Song for my Ten Circles

by christycelia

Inspired by “Song for my Twenty Loves of Desperation” by Carlos Dobal.


Also inspired by a long conversation I had yesterday with a woman who told me it is good to think through which circles each person in your life resides in. First, second, or third? I took it a bit farther, but I definitely learned something about myself.

The center. Is me.
My mother always said
“you think the world
revolves around
Each think the world
revolves around themselves.
And it was the rightest
she’s ever been.

Second are lists.
Scraps and pages piled
that go nowhere
that say everything.
Luke said to me
“stop writing about
writing. No one likes that
but us.”

A tall girl is third.
She stands back to back
with a shaman poet.
They do not know one another
but they know
As much as the first two
circles cannot.

The pieces of me which
are not connected
to my body –
the family of Hicks & Funks.
The three of them
scattered minds.
They are also my third.
Infiltrate the decisions I
make – the risks I
try to take.
A brother who borrows
my words and sets them
to chords.
A father who is a
bird. Hands covered in
grease and washed
away with lava soap.
A mother who I become.

The fourth circle –
sustains. It is bacon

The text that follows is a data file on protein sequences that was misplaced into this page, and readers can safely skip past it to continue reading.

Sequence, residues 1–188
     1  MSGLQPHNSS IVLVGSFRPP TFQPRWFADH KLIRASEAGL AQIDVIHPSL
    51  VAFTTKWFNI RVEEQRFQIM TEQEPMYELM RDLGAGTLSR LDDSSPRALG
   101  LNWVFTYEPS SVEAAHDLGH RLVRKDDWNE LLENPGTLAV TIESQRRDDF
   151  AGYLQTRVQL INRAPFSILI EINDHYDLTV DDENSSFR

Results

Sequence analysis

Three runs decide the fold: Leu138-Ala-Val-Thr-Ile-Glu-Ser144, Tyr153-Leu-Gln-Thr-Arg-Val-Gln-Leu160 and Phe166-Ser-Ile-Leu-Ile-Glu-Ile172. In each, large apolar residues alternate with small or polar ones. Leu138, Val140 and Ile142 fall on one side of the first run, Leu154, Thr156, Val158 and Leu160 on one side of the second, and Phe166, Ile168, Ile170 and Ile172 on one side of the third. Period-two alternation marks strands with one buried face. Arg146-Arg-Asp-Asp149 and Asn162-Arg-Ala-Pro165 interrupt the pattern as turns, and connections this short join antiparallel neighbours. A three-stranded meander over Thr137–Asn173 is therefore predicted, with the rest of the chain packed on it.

wrapped asparagus
tuna crudo
pork tacos
breakfast in bed
and olive oil.
It is my most simple love.

Extroversion perversion.
Fifth. A disorder.
Lora and I used to pine
over introverts
we thought their solitude
could accomplish more
than our bouncing paths
and talks and interactions.
This is why the fifth
encompasses all loves
big and small
train cars of friends
spanning decades and
space – the whole
country covered with
the empire.
Distractions lead to happiness lead to fatigue.

Sixth. The monkey sphere.
Humans. Some people think
you can make any relationship work.
But not every puzzle piece
can be mashed
Still, the sphere is big,
though cannot be everyone.

Then comes memories.
Then comes the past.
Then comes what I
read over and over
and laugh and despair and
want to burn and want
to feed into a letterpress
that will print these
histories on toilet paper
that can be wrapped
around our world.
At least once.

Eighth is trees. Eighth
is the mountains and
lakes. Eighth is Ada.
Eighth is the double arch
in Utah which the Belgian
man wanted so badly
to photograph for himself
(void of tourists)
even though
you can buy the postcard
in the gift shop
because eighth is the
eighth wonder of the
world which is looking
at the world.
Eighth is the story she
tells with outcrop
rocks on House Mountain.
I try to pick out which
have fallen
out of place and
which just go
down all the way
but Donnie the
geologist says I get it
wrong every time.
Eighth is the rocks I
cannot understand.

Next are hands.
Hands used and hands idle.

Tenth is the other side.
Ten is even and round
and even when death
is neither of these
things – death is ten.